Top Indian journalist Barkha Dutt is unapologetic about her ambition — and you should be, too

“Feminism is about freedom. And freedom is what millions of Indian women do not have”

Barkha Dutt at The 2015 Women In The World Summit. (Women in the World)

In her new book This Unquiet Land: Stories from India’s Fault Lines, veteran journalist Barkha Dutt explores the complexities of contemporary India. Before her appearance on stage at the Women in the World Summit in New York City April 6-8, Dutt spoke with us candidly about feminism, career, death threats, and the conspiracy of silence around sexual violence and abuse.

Women in the World: How did you manage to write a nuanced narrative of contemporary India while being immersed in the rough and tumble of everyday reporting?

Barkha Dutt: Essentially it meant very little sleep! I wrote through the nights in the hours between 1a.m. and 5a.m. — which was the only time that the noise of daily news and the distractions of its adrenalin rush were not distracting me. It took me a year or so to be able to do it. Of course I had to fight the newsperson’s urge to constantly “update” the book; the news is a daily event-driven process. The book was a step-back from the furious pace of reporting to be able to analyze, understand and explain India through my journalistic experience.

WITW: The overarching take away from your book is how you matured as a journalist and as a person from seeing events in in absolute good or bad terms, to more shades of gray. How did this evolution take place? Why is it that TV news in India doesn’t reflect these nuances?

BD: In this book I sought to chronicle India’s post-liberalization story (India opened up its economy in the 1990s) through my own two decades in TV journalism — because in most ways these two decades coincided. The book is not about me in the sense that it is not a memoir or an autobiography, but I do use the challenges to my own erstwhile certitudes to explore issues on which there is no singular consensus — feminism, secularism, nationalism — we are still furiously debating all of it.

The worry is the death of nuance; I agree with you, television (and social media) has shrunk the space for nuance, for thoughtfulness, for complexity. In many ways our TV news has become Americanized. Centrism is considered boring. Viewers want to foist labels on you and put you in political corners as they do with Fox News and MSNBC in the U.S. As a free thinker, I find this infuriating and frustrating. I think, to borrow from Noam Chomsky but to reverse what he said, TV news has become about “Manufactured Dissent.” It functions on the dialectics of artificial confrontations, reducing journalism to theater. This worries me immensely.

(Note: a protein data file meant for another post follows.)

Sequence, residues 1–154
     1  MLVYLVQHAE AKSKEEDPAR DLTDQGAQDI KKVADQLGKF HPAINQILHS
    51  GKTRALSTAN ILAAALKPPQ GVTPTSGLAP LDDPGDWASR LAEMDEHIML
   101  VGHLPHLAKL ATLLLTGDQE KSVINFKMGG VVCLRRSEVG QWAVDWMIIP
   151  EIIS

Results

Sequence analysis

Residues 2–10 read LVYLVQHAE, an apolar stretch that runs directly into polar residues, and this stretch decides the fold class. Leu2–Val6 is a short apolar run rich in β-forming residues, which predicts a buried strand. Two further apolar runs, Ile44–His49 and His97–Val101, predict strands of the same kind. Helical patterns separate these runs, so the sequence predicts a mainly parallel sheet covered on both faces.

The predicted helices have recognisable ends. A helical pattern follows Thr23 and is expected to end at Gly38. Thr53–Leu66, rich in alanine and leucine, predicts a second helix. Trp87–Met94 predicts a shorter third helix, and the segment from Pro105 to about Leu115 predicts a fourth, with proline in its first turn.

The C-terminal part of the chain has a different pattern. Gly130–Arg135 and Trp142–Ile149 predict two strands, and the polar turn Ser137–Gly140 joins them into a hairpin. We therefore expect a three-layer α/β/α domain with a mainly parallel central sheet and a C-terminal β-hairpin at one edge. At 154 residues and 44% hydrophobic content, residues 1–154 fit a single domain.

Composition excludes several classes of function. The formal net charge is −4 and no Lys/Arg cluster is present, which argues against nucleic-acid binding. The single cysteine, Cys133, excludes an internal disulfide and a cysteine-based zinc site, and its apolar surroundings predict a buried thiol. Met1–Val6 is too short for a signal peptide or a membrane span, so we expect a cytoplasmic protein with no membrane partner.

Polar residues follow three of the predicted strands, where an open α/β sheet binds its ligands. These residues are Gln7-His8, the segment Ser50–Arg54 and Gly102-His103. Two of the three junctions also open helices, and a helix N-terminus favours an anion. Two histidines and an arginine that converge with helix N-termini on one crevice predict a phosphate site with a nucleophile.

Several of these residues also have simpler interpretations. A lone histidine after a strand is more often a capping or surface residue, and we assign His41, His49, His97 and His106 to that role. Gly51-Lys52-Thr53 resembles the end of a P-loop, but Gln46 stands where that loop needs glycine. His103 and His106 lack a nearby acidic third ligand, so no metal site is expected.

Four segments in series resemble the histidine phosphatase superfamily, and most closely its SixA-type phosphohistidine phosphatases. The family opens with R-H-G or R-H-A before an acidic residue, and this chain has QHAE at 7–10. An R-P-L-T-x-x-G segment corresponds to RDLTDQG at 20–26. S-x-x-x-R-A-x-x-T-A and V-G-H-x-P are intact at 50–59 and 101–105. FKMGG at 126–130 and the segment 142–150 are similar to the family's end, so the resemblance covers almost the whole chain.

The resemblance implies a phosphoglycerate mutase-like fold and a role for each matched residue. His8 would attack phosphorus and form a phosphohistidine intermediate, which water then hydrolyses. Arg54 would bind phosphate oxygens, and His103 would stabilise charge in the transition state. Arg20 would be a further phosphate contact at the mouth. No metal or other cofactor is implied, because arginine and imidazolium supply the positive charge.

WITW: As one of the most trolled Indians on social media, there’s much vitriol directed towards you. Yet your book is heartfelt and candid in its many personal anecdotes, including your abuse as a child and as an adult. Did you worry at all about a backlash?

BD: I wrestled with whether I should put my own story of child sexual abuse and later my experience of violence and abuse in an adult relationship in the book. I was conflicted for two reasons. One, the book is not the story of my life, the book is a book about India and her many fault lines. Two, I did not want to become the story and I knew this particular portion would leap out immediately. Yet, I decided eventually that I must tell this story in my chapter on “The Place of Women in India” because I could not with any honesty talk about sexual violence and sexual abuse and the conspiracy of silence that continues to veil it without first shattering that silence myself. I would have felt both emotionally and intellectually dishonest had I not put my own experience up front. It was horribly difficult to do because like many women I had buried it deep within; the excavation of those memories was almost like reliving what happened. But in the doing so I felt that if I could speak up, some other women perhaps would get the confidence and comfort to do so as well. I told the story to challenge the silence that reflects a society which still stigmatizes the woman instead of the perpetrator.

As for the trolls, yes, I have received death threats, rape threats, and the worst sort of language online. But I always say “Trolling is a mind game.” The whole idea is that keyboard bullies think they can intimidate you into silence or bully you into changing your mind or scare you by getting under your skin. And I am damned if I am going to let anyone do that! They can troll on and drone on!

The cover of "This Unquiet Land" (Image via Amazon.com)

The cover of “This Unquiet Land” (Image via Amazon.com)

WITW: The book is centered around several thorny conflicts facing India — Kashmir, terrorism, gender, internal religious, caste and socio-economic strife. What lessons have you drawn from covering these conflicts?

BD: The one lesson that I have learnt that weaves together these varied strands is that there is no singular truth. Like Akira Kurosawa showed us in Rashomon there are are many shades of reality and many conflicts spring from the contestation of differing truths. Leadership is about managing the contradictions and learning from them.

WITW: You write that gender is no longer a marginal issue in India. How did this change come about?

BD: The “Nirbhaya” rape was an inflection point; the protests against the gang rape of a young medical student reflected popular anger but oddly it was also a rare moment of hope. Hope that the issue of violence against women was finally at the centre stage of news and the lead story on prime time and the hope that we were looking at the beginning of change. There are, of course, still huge gaps. Equality is elusive in a million different ways but for the first time in my adult memory there is a huge pushback against sexism and abuse. At least it no longer gets relegated to the inside pages and most importantly, in the news hierarchy it is finally not being treated as a ‘feature story” to be reported only by women reporters, which is how the subject was treated for many years.